# Proving $\sum\limits_{k=1}^{n+1} a_k\cdot\sum\limits_{k=1}^{n+1} \frac{1}{a_k} \geq (n+1)^2$

I have a short question about this equation. I have to prove it by induction. $$\sum_{k=1}^n a_k\cdot\sum_{k=1}^n \dfrac{1}{a_k} \geq n^2 = n\cdot n$$

...

so:

By induction proof can I use this? Is the following step correct?

$$\sum_{k=1}^n a_k \geq n$$ $$\sum_{k=1}^n \dfrac{1}{a_k} \geq n$$

--EDIT--

I should prove that: $$\sum_{k=1}^{n+1} a_k\cdot\sum_{k=1}^{n+1} \dfrac{1}{a_k} \geq (n+1)^2 = n^2+2n+1$$

At the end of my proof there are the following lines:

$$\left(\sum_{k=1}^n a_k\cdot\sum_{k=1}^n \dfrac{1}{a_k}\right) + \left(\dfrac{1}{a_{n+1}}\cdot \sum_{k=1}^n a_k\right) +\left((a_{n+1}) \cdot \sum_{k=1}^n \dfrac{1}{a_k}\right) + 1$$

Now we can see that this part $$\left(\sum_{k=1}^n a_k\cdot\sum_{k=1}^n \dfrac{1}{a_k}\right) +1 \geq n^2+1$$

But what about the other 2 parts?

--- NEW STEPS ---

$$\left(\sum_{k=1}^n \dfrac{a_k}{a_{n+1}}+ \dfrac{a_{n+1}}{a_k}\right)\geq 2n$$

so now I substitute these: $$\left(\sum_{k=1}^n b_k+ \dfrac{1}{b_k}\right)\geq 2n$$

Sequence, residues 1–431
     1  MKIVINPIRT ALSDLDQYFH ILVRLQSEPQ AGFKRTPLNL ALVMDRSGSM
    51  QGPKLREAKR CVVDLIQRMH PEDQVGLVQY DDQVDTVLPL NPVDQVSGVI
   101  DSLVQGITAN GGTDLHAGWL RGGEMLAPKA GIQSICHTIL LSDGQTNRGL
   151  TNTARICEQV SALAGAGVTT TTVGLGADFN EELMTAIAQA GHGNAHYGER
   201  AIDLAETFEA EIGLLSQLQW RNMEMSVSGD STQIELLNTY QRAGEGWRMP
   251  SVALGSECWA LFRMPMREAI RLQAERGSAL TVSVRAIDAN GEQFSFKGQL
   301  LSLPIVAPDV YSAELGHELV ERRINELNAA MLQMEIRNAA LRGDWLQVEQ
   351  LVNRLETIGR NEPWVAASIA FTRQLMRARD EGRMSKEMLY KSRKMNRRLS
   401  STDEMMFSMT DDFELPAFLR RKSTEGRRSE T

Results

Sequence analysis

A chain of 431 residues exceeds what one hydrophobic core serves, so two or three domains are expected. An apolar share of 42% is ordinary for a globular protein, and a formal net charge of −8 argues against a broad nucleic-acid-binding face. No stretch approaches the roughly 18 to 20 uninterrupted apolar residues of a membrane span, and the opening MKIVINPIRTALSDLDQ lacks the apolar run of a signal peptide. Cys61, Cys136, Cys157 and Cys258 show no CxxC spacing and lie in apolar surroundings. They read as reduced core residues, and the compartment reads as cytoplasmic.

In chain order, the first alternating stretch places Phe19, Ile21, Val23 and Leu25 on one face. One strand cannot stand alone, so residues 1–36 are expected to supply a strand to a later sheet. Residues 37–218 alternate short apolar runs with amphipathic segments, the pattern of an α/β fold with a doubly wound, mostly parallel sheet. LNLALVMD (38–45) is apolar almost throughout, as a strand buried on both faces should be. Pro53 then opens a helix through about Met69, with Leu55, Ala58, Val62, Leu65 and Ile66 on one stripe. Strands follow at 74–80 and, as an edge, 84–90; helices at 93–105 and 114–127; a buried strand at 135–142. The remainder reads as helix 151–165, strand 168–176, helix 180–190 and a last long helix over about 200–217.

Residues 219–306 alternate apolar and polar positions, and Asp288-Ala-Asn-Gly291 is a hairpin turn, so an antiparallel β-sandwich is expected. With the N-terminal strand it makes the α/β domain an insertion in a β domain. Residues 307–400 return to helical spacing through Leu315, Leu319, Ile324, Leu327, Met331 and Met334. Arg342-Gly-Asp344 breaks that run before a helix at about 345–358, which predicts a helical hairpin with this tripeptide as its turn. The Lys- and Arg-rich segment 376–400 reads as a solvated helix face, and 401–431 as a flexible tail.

Induction start:

...

Induction end:

$$\left(\sum_{k=1}^{n+1} b_k+ \dfrac{1}{b_k}\right) = \left(\sum_{k=1}^n b_k+ \dfrac{1}{b_k}\right) + \left(\sum_{k=n+1}^{n+1} b_k+ \dfrac{1}{b_k}\right)$$

$$\left(\sum_{k=1}^n b_k+ \dfrac{1}{b_k}\right) \geq 2n$$

$$\left(\sum_{k=n+1}^{n+1} b_k+ \dfrac{1}{b_k}\right) \geq 2$$

So the whole of this:

$$\left(\sum_{k=1}^n \dfrac{a_k}{a_{n+1}}+ \dfrac{a_{n+1}}{a_k}\right)\geq 2n$$

and now the first equation is proved.

Is this right, and finally the end? :)

• Shouldn't $a_n$ be positive? Nov 22, 2018 at 22:14
• I presume you want each $a_i>0$. Nov 22, 2018 at 22:14
• $\sum a_k$ can be any positive number. Nov 22, 2018 at 22:15
• Yeah it can be any positive number. Can i assume in this inequality that the one sum is bigger than n and the other sum is bigger than n? Nov 22, 2018 at 22:18

Hint: In the inductive step, observe that $$\displaystyle \sum_{k=1}^n\left(\dfrac{a_{n+1}}{a_k}+\dfrac{a_k}{a_{n+1}}\right)\ge 2n$$ by AM-GM inequality, and together with the inductive step we're done.I want to point out that in using your answer $$LHS =$$ inductive part $$+$$ the two parts $$+1\ge n^2+2n+1=(n+1)^2=RHS$$ ,completing the proof.
$$a_n$$ must be always positive. Here is a better way to attain to this:$$\sum_{k=1}^{n}a_k\sum_{l=1}^{n}{1\over a_l}=\sum_{k,l}{a_k\over a_l}=\sum_{kl}{a_k\over a_l}+\sum_{k=l}{a_k\over a_l}=n+\sum_{kalso we know that $${x\over y}+{y\over x}\ge2$$therefore$$n+\sum_{kwhich completes the proof.